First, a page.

UW junior selected as student likely to "make a difference"
Alula Asfaw, a University of Washington junior, is one of 65 students in the country selected as a Truman Scholar, on the basis of his leadership potential, intellectual ability the likelihood of “making a difference.”
Each scholarship provides $30,000 for graduate study.
Asfaw was born in Addis Ababa, Ethiopia in 1985. His parents sent him to the United States shortly after his sixth birthday to live with his older brother and to protect him from the dangers of war in his home country. He attended both Cleveland and Highline high schools. Asfaw knew at an early age that he wanted to pursue a career of public service; he says his activities were “more than inspired” by the career path of President Bill Clinton.
As a University of Washington student, he became conscious of what he called “survivor’s guilt” when he realized that very few of his high school classmates were attending college. “Not enough had guidance on why they should think about college. Few had parents who went to college,” he said.
On his own, Asfaw developed a proposal for addressing this problem. He proposed that the UW create an undergraduate class that explored the relationship between educational opportunity and social mobility. The class would meet every other week. On alternate weeks the students in the class would go to one of the region’s high schools and help students there through the college application process.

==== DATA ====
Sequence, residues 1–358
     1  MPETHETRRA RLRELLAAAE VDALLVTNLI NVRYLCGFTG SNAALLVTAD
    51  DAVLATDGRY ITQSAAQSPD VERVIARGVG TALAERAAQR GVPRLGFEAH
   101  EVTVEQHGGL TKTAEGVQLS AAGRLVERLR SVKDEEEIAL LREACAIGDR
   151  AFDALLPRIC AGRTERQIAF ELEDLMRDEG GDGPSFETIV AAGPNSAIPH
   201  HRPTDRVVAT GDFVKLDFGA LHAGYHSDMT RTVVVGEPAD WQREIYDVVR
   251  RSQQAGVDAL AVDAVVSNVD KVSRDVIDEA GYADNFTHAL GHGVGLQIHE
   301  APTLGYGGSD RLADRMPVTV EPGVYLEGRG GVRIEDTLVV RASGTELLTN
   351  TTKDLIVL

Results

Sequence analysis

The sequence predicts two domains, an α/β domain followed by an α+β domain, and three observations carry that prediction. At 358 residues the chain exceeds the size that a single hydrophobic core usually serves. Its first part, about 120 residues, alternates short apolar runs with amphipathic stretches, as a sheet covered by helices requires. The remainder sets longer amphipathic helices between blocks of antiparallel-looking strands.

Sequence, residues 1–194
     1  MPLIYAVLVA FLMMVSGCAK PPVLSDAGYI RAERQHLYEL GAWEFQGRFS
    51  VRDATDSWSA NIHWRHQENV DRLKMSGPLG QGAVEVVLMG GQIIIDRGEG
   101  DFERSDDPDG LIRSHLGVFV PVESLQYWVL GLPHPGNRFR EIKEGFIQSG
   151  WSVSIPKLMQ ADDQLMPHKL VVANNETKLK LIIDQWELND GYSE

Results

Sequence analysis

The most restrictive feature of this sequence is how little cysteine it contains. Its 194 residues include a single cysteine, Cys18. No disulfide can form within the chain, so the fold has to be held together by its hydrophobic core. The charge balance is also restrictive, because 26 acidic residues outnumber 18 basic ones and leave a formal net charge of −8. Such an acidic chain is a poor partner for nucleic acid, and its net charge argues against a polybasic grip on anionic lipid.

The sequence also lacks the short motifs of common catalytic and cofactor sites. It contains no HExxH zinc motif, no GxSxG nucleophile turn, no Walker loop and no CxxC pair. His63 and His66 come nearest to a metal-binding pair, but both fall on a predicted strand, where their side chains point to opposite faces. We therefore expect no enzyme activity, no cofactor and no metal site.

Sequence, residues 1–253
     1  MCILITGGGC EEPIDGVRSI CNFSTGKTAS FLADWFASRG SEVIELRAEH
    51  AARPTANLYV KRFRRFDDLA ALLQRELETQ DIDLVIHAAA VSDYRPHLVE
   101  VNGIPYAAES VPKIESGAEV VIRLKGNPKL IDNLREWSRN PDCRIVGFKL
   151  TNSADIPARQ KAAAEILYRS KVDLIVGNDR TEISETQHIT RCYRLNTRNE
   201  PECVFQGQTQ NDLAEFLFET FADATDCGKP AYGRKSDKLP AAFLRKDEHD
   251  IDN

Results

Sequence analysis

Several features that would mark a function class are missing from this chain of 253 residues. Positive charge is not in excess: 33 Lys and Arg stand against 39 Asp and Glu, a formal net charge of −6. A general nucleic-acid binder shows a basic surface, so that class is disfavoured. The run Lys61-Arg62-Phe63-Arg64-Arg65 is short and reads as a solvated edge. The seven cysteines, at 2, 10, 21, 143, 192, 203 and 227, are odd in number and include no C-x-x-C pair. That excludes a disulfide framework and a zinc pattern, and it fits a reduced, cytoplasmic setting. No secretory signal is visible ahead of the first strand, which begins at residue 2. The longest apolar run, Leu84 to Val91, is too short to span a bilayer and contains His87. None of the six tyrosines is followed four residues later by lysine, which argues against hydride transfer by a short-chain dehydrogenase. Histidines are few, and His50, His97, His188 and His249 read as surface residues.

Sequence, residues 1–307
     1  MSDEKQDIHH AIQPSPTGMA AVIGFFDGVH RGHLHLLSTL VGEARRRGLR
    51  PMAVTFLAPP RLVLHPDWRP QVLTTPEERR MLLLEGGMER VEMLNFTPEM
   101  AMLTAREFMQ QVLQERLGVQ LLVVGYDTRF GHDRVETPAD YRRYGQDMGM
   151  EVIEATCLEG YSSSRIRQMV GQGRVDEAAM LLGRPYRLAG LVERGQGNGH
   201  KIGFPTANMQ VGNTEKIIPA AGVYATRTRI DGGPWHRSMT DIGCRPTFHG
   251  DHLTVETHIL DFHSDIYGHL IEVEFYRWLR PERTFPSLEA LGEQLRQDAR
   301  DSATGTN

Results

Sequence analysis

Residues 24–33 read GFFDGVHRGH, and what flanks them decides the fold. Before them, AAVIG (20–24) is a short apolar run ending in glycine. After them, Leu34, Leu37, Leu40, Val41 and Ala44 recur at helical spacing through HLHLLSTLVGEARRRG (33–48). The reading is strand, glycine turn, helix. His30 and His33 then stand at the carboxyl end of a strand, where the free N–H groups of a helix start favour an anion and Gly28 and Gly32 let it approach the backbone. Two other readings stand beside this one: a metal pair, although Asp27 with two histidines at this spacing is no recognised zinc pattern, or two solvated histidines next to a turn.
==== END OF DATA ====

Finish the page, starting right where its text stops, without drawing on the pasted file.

Asfaw brought the proposal to the UW administration, which assisted Asfaw in developing what he called the Dream Project. Stan Chernikoff, principal lecturer in earth and space sciences, agreed to teach the class; Ed Taylor, who at that time was associate professor of education and is now vice provost and dean of undergraduate academic affairs, gave Asfaw advice about how to make the project work.
Asfaw recruited students for the class, which is now in its second year. It will be serving more than 200 students from six area high schools; 58 UW students are enrolled in the class. Asfaw is seeking additional funding to sustain the program over the long term.
Asfaw plans to pursue two degrees, a doctorate and a law degree, to enable him to pursue his public service activities at a higher level.
More information about the Dream Project is available at http://depts.washington.edu/uwdrmprj/.
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